In the late 1770s, the Rosetta plantation was developed by John Moultrie, growing and processing indigo, rice, and eventually corn and sugar cane. Rosetta was abandoned when Florida was ceded back to the Spanish by the British in the 1780s. Eventually, in 1803, John Bunch acquired the property. In 1825, after a few decades of development and shortly after Florida became a territory of the United States, Bunch sold the property to Colonel Thomas H. Dummett, a British officer whose family had recently moved into the region, along with so many other developers.
Thomas Dummett modernized the plantation and built a limestone rock (coquina) sugar and rum distillery. Hiring Reuben Loring to engineer the facility, Dummett’s mill was one of the first steam-powered distilleries in the region.
In 1828, management of the Dummett operation was passed to Thomas’s son, Douglas Dummett, who ran the plantation until the eruption of the Second Seminole War in 1836. Douglas also served as the first postmaster of the Tomoka region between 1833 and 1836.
When the Second Seminole War fully erupted in 1836 (it had actually started to gear up in 1835), the Dummett family relocated to St. Augustine and the plantation operation shut down. As for Douglas Dummett himself, he joined the anti-Seminole Mosquito Roarers militia and was ranked a Captain. Along with his neighbor, James Ormond III, Dummett fought against the Seminoles at the Battle of Dunlawton Plantation a few miles to the south in what is now known as Port Orange. Dummett was wounded in the neck during the battle and his life began to change direction and course.
Dummett married a wealthy socialite, Frances Hunter, in 1837, but she filed for divorce a few years later in 1844. After having lived in Tallahassee for some time, Douglas Dummett returned to the Ormond area for a while and eventually found his way south to Mosquito Lagoon, where he took up citrus production. The aging Dummett built an orange grove complex on his property tucked between two lagoons in coastal Brevard county (the Merritt Island area). He was adept at grafting oranges that were frost-resistant. The “Indian River Orange” is attributed to his manipulated groves and citrus expertise.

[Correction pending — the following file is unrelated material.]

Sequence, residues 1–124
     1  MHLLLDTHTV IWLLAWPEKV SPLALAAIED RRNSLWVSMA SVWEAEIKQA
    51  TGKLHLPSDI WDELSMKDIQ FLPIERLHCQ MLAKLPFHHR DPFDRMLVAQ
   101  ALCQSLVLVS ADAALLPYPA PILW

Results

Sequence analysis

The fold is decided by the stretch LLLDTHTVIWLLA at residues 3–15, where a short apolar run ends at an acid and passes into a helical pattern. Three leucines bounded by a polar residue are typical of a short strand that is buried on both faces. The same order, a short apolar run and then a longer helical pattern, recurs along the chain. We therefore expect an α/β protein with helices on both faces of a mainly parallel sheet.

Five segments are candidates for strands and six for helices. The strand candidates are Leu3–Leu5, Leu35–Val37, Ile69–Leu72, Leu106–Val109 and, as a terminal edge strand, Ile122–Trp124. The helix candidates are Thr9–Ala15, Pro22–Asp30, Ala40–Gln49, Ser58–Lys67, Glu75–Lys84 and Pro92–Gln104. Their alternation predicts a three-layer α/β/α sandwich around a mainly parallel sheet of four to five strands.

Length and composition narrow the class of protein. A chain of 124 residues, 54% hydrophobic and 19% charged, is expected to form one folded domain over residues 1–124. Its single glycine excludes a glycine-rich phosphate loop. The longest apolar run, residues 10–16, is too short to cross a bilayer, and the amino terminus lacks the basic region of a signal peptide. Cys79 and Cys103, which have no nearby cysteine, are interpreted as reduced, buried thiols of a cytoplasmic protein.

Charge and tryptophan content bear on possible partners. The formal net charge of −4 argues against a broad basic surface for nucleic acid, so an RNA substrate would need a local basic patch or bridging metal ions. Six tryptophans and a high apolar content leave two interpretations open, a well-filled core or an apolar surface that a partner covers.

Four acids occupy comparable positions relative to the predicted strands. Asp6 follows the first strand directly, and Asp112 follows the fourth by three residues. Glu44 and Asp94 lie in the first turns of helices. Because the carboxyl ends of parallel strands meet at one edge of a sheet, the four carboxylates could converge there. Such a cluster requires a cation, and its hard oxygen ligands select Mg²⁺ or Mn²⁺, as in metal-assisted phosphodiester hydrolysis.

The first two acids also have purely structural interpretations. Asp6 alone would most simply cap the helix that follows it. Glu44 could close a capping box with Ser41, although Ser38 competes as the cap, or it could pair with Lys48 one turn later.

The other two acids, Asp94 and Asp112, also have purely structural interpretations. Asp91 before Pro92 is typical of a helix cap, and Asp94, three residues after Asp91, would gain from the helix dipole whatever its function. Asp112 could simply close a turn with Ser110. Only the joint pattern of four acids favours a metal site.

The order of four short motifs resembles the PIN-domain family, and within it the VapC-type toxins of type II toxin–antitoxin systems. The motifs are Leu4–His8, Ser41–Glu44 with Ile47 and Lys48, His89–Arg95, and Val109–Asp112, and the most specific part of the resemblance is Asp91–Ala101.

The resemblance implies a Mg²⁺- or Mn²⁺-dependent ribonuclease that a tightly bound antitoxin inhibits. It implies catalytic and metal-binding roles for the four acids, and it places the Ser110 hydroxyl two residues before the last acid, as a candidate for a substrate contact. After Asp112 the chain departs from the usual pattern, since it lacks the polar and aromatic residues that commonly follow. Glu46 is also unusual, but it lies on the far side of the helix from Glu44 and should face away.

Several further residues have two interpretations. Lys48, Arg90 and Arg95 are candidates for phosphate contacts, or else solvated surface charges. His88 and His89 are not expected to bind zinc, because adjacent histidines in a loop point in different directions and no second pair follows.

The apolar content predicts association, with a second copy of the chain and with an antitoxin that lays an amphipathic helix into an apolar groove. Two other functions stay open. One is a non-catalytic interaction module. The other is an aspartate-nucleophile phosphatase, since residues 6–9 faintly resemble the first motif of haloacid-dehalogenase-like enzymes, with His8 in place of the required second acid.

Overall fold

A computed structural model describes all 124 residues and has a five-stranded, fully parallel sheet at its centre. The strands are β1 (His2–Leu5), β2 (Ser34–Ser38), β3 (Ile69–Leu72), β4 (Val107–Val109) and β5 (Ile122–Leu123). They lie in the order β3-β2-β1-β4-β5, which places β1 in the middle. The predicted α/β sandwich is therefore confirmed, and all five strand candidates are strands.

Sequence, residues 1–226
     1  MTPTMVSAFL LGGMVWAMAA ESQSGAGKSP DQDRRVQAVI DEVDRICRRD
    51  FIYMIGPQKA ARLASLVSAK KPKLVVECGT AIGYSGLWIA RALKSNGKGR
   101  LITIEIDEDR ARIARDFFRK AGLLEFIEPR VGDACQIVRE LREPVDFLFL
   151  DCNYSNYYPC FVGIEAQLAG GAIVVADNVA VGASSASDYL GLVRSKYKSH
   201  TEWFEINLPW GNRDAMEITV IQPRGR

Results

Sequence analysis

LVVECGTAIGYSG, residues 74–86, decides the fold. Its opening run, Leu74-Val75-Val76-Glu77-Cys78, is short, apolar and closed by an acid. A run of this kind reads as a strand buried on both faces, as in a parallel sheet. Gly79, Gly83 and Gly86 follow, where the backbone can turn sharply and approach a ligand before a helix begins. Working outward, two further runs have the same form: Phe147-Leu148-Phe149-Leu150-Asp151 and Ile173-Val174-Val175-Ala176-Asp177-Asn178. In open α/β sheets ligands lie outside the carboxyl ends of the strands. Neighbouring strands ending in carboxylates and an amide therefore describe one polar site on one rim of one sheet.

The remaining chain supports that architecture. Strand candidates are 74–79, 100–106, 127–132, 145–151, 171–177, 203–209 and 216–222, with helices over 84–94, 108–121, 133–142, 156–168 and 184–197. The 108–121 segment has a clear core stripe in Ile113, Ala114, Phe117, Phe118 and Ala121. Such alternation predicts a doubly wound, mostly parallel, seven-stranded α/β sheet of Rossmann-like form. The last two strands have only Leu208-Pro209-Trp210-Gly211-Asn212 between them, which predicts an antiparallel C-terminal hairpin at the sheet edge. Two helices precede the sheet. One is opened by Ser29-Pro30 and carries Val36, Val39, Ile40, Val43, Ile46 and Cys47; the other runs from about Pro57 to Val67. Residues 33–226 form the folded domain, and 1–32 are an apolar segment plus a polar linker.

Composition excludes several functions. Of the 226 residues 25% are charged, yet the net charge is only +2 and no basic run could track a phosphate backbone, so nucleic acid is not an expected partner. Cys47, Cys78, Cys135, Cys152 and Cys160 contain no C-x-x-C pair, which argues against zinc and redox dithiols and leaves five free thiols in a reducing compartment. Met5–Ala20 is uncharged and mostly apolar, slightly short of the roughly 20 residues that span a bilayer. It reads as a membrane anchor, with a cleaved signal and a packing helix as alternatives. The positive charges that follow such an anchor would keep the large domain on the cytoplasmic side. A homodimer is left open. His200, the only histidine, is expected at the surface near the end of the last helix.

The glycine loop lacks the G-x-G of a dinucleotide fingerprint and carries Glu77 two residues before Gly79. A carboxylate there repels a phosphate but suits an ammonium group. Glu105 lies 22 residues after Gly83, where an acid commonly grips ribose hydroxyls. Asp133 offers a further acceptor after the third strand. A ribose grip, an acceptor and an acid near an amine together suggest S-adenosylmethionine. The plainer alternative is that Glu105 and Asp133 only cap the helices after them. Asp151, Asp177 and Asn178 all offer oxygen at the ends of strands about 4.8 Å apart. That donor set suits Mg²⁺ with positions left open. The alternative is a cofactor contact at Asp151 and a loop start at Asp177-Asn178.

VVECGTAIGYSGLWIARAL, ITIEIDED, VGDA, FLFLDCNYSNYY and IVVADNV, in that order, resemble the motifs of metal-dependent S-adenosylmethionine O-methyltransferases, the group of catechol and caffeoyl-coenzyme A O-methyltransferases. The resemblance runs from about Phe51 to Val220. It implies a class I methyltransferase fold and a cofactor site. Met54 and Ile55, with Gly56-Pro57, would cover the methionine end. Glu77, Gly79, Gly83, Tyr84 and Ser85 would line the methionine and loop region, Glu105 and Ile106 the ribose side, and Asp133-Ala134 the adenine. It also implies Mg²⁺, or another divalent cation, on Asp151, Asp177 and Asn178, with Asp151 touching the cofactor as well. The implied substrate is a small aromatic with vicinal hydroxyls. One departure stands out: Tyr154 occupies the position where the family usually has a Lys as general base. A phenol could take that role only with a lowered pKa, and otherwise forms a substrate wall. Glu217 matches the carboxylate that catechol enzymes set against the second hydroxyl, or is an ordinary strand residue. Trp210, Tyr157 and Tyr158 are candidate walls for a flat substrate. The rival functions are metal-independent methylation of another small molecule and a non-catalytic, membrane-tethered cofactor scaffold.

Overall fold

Dummett lived most of the latter portion of his life in relative seclusion, working on his orange groves and sharing his methods with other citrus growers in the area. He was also active in local policy affairs, but most of his time seemed to have been dedicated to quietly working his citrus magic. Dummett eventually died in 1873, nearly thirty years after Florida acquired statehood. Two decades later, in 1893, Dummett’s remnant grove plantation was destroyed by a hurricane. In 1963, his old property became a part of the Kennedy Space Center at Merritt Island.
As for the old Dummett sugar and rum mill back in Ormond, at the time of Dummett’s death in 1873, it had long since been burned and destroyed during the Second Seminole War and retaken by the Tomoka and Bulow forests of Volusia county. In the twentieth century it was somewhat shrouded in mystery and local lore, its history not fully recognized or understood. Called “Anacape” for sometime, there was debate about who built it and when. Some believed it was an old Spanish mission from the 1600s (hence the name “San Antonia de Anacape”). Eventually, however, historical research revealed legal documents between Loring and Dummett and the construction plans for the steam-powered Dummett sugar and rum mill (St. Augustine’s Patricia Griffin discovered the evidence in 2001).
When I was a kid, the mill was still engulfed by the forest. It wasn’t easily spotted from Old Dixie Highway, but it was very much a part of our culture. I remember trekking back into the bush many times during high school during the early 1990s to check out the ambiguously uncertain historical site. I remember it being referred to both as a mission and as a sugar mill. It wasn’t until much, much later that I learned about the Dummetts and their family’s background in the region and the details of the old steam-powered sugar and rum distillery.
Today, the ruins have been cleared of vegetation and fenced off for protection and preservation. There’s now a small parking area on the Old Dixie for visitors to park and walk around the grounds.
Next Up on Dust Tracks: The Fairchild Oak of Bulow Creek State Park!